• What Technology Wants

  • By: Kevin Kelly
  • Narrated by: Paul Boehmer
  • Length: 15 hrs and 10 mins
  • Unabridged Audiobook
  • Release date: 10-14-10
  • Language: English
  • Publisher: Tantor Audio
  • 4 out of 5 stars 4.0 (434 ratings)

Regular price: $20.28

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Editorial Reviews

Cutting-edge technology watchdog Kevin Kelly has done it again. It is no longer silly to think of technology as having a pulse, and the former editor of Wired magazine certainly has his finger on it. In this compelling new view of the many parallels between biological development in humans and humans' development of technology, the interconnectedness of the biosophere and the technium has never been so clear. Supergeeks rejoice, not only for this exciting speculation on what our future holds, but also for the fact that it is narrated by the one and only Paul Boehmer, a terrific Shakespearean actor better known for his role as stranded Vulcan in one of the most beloved eipsodes of Star Trek: Enterprise.
Boehmer gives voice to this deep scientific inquiry with energy and precision. Kelly is keen on researching a breadth of evidences to secure his theory about what technology wants from us, and Boehmer steps lightly through the many lists of supporting examples in a tone that shows just how captivating they are. Did you know that rock ants have a system for calculating the volume of a room, in order determine the appropriate dimensions of the nest they want to build? Did you know that the Amish are in a heated debate over the possible adoption of cell phones? Did you know that a toaster makes decisions? The scope of Kelly's considerations is astounding.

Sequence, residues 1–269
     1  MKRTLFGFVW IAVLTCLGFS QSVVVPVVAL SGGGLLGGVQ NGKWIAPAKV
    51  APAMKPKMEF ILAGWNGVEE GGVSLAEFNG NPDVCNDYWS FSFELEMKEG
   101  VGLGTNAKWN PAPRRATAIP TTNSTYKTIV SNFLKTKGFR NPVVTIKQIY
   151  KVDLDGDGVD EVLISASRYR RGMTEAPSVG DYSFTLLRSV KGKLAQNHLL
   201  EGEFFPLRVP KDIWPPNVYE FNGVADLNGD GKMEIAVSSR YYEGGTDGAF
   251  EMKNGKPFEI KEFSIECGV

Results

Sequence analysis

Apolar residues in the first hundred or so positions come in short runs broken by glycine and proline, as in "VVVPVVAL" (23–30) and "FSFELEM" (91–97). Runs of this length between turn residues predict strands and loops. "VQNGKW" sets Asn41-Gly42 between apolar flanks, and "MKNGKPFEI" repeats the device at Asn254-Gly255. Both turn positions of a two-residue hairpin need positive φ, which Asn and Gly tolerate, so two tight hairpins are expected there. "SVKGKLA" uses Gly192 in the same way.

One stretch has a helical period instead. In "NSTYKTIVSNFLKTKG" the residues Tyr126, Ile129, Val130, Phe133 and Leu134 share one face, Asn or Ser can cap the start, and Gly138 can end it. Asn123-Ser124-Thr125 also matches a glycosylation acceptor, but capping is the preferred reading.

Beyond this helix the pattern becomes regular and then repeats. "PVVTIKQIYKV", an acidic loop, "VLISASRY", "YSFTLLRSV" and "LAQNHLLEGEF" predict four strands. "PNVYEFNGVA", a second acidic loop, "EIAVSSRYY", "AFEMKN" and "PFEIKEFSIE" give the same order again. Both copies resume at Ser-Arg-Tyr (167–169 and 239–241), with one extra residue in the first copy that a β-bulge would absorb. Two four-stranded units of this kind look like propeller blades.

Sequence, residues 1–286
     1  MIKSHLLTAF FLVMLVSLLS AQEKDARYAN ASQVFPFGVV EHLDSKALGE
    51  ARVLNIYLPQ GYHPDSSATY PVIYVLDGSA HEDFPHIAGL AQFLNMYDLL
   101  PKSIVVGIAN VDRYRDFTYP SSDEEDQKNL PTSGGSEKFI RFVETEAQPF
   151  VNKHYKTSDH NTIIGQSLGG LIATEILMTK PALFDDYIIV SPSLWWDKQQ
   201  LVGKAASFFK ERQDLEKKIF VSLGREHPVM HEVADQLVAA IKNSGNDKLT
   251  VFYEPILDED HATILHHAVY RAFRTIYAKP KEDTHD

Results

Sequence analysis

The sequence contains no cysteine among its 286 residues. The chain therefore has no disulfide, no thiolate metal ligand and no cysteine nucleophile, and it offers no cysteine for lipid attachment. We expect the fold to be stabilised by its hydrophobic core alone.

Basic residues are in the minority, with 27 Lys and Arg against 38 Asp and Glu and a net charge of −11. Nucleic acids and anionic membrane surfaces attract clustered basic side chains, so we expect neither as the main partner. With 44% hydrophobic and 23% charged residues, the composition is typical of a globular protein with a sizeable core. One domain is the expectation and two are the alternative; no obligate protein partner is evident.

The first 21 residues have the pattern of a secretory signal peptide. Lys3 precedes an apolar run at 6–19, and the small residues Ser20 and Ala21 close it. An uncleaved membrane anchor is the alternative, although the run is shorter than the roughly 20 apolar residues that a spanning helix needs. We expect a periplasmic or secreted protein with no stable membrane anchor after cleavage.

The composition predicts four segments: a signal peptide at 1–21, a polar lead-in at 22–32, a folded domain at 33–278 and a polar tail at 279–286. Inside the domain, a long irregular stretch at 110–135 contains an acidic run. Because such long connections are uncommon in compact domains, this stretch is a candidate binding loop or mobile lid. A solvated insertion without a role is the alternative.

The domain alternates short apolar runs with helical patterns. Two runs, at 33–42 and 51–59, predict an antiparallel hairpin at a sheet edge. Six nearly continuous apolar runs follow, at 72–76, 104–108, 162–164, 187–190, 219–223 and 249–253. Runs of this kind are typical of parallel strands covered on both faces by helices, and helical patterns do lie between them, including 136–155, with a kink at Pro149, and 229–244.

This comprehensive look at technology as a near-living system will shock and delight both luddites and technophiles alike. Kelly's previous major work, Out of Control, was at the top of the Wachowski brothers' required reading list for actors in their Matrix film trilogy. This time around, the first few chapters are almost like watching the evolutionary montage that opens Kubrick's 2001: A Space Odyssey. Perhaps the futuristic trajectory of Kelly's book is slightly more optimistic and his conclusion somewhat more scientific, but given the mirror of Kubrick's film, Trekkie Paul Boehmer is the perfect choice of narrator for this weirdly wonderful book. —Megan Volpert
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Publisher's Summary

This provocative book introduces a brand-new view of technology. It suggests that technology as a whole is not a jumble of wires and metal but a living, evolving organism that has its own unconscious needs and tendencies. Kevin Kelly looks out through the eyes of this global technological system to discover "what it wants." He uses vivid examples from the past to trace technology's long course and then follows a dozen trajectories of technology into the near future to project where technology is headed.
This new theory of technology offers three practical lessons: By listening to what technology wants, we can better prepare ourselves and our children for the inevitable technologies to come; by adopting the principles of proaction and engagement, we can steer technologies into their best roles; and by aligning ourselves with the long-term imperatives of this near-living system, we can capture its full gifts.